TOKYO (REUTERS) – The resurgence of Covid-19 cases in Asia due to the highly infectious Delta variant disrupted supply chains across the region, slowing manufacturing growth in Japan and South Korea, surveys showed on Wednesday (Sept 1).

The final au Jibun Bank Japan Manufacturing Purchasing Managers’ Index (PMI) in August eased to 52.7 on a seasonally adjusted basis from 53.0 in the previous month, as sinking overseas orders went into contraction for the first time in seven months.

“A sharp rise in Covid-19 cases in South-east Asia was among the key factors listed by Japanese manufacturers for the easing in demand,” said Usamah Bhatti, economist at IHS Markit, which compiled the survey.

“Severe supply chain disruption partly caused by pandemic restrictions and raw material shortages remained a dampener on production and orders.”

The PMI survey showed that overall new orders expanded at their slowest pace since January, while new export orders posted their first contraction since that month.

Overall output saw a rise, but its pace eased from the prior month as the intensifying health crisis and a lack of raw materials weighed on production.

The survey also showed output for intermediate goods grew at their fastest pace in four-and-a-half years, offsetting weaker demand for investment and consumer products.

Input prices maintained a sustained increase, while companies’ expectations for the year ahead remained firm, though they eased to the softest since January.

“Though still optimistic, Japanese goods producers were wary of the continued impact of the pandemic and supply chain disruption,” said Mr Bhatti.

In South Korea, factory activity grew at a slower pace in August, as output contracted for the first time in 12 months and demand eased.

The IHS Markit PMI for August stood at 51.2, falling from 53.0 in July but staying above the 50 threshold, which indicates expansion in activity, for an 11th straight month.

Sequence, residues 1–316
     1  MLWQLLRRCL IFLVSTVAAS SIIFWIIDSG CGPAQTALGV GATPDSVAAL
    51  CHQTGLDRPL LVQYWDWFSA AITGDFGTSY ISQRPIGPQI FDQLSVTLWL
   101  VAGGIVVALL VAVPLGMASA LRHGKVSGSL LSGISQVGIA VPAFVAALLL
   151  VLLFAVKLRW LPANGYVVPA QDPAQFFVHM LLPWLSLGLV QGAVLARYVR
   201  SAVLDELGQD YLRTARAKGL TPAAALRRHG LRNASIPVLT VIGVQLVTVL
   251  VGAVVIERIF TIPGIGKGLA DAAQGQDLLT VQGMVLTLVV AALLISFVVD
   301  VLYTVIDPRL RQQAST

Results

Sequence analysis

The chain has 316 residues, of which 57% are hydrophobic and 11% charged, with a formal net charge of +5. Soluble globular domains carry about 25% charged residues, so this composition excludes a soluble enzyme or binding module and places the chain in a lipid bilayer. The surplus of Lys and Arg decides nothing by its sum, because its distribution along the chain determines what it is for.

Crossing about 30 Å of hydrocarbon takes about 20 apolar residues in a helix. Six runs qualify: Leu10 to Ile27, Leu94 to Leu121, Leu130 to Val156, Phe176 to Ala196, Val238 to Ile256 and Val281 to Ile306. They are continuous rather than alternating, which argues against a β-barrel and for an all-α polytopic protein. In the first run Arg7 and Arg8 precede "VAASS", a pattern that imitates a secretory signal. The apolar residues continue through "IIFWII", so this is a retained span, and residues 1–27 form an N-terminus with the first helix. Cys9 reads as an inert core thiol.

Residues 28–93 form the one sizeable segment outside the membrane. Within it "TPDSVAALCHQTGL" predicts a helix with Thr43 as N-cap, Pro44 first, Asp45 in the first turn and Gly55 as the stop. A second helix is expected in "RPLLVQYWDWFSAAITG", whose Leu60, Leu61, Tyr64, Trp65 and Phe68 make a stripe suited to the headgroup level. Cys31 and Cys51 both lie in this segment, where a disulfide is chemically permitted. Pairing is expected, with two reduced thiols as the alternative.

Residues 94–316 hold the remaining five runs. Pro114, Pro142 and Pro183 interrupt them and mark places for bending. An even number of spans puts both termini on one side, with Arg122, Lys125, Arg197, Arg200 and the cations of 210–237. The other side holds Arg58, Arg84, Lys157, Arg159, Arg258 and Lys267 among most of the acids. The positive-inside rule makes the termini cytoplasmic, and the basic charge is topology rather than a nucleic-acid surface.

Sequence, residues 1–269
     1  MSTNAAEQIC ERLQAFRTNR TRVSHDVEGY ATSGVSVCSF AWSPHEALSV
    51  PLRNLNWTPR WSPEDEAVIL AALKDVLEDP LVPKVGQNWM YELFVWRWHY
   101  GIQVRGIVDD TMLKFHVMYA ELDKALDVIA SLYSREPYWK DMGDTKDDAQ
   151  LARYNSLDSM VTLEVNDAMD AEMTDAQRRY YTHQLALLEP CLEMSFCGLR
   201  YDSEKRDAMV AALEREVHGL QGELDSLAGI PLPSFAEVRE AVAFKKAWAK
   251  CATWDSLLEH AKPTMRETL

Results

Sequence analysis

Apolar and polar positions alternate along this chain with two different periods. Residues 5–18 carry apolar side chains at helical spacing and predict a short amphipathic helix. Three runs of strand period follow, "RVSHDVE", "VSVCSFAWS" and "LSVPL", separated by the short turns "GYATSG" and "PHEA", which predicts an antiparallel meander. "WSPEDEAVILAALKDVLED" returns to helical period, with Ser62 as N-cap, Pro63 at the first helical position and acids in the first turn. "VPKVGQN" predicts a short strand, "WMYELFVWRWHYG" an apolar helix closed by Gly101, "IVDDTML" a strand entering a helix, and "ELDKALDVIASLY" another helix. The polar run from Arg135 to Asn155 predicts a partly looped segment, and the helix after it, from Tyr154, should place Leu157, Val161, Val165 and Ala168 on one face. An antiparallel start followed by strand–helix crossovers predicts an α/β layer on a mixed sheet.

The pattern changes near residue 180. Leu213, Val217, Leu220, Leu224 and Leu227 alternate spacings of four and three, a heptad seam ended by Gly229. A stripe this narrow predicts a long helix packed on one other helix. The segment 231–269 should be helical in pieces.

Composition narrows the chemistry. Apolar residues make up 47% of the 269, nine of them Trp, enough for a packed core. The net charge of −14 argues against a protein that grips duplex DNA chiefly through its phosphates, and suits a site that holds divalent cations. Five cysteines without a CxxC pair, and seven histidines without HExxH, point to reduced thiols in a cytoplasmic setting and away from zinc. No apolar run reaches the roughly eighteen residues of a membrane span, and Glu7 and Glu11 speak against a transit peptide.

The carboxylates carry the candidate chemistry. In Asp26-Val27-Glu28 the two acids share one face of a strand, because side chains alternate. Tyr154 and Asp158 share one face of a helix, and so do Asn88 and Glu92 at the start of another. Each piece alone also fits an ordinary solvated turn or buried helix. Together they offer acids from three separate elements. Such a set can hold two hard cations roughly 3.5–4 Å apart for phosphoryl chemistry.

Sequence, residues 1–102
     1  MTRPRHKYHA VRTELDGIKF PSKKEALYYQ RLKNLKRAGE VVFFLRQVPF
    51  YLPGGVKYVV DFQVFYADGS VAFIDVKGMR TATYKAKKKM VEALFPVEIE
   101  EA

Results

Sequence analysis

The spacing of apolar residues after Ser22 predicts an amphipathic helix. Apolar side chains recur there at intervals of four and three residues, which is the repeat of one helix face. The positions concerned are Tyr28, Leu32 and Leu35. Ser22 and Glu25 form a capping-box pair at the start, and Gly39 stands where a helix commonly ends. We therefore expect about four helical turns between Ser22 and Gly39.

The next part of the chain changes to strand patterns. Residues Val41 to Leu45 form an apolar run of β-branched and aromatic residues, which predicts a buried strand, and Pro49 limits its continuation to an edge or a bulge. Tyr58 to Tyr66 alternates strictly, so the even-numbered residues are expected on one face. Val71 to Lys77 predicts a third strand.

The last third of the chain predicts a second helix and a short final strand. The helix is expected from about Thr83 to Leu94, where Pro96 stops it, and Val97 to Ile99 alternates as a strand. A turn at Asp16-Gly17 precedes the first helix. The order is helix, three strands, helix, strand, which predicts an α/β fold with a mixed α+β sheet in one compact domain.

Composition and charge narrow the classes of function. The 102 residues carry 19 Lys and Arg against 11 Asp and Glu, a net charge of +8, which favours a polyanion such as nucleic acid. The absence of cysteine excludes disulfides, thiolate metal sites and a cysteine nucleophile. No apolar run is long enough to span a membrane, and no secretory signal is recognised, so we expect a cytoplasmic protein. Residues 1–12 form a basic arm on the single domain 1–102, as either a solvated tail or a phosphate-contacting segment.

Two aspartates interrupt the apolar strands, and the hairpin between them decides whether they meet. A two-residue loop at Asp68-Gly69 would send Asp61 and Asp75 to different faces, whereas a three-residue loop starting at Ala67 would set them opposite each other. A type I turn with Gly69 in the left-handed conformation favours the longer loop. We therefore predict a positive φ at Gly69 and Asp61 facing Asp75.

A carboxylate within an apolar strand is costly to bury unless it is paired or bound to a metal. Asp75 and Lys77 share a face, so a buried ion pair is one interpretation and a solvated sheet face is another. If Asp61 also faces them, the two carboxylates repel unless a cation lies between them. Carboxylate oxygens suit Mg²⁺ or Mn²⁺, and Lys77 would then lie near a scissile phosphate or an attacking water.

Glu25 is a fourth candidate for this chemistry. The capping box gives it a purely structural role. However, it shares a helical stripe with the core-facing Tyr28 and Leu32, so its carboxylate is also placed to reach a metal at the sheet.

“A renewed rise in virus infections and severe, sustained supply chain disruptions, notably in the key semiconductor market, dampened operating conditions,” said Mr Bhatti.

That resulted in a contraction in output levels, while the virus resurgence across the wider region partially offset solid demand from key export markets such as the United States and Japan, he added.

Total new orders rose further last month, but at the softest pace in 10 months, while export orders growth also eased as the highly contagious Delta variant and related curbs dented global demand.

Still, firms were seen raising staffing levels for another month in preparation of incoming orders in the second half of the year.

Meanwhile, the survey signalled further rises in average cost burdens at South Korean manufacturers on continued raw material shortages, which led to higher output prices.

“Firms commonly noted that global shortages of raw materials and freight capacity, notably in the semiconductor market had led to weaker readings across the majority of indices,” Mr Bhatti said.

“Yet businesses remained confident that this would pass, and activity would rise over the next 12 months.”

The sub-index for future output, which indicates business confidence, rose to 61.2 in August from 59.5 in July, on hopes of a wider economic recovery from the pandemic and that supply chain bottlenecks would ease.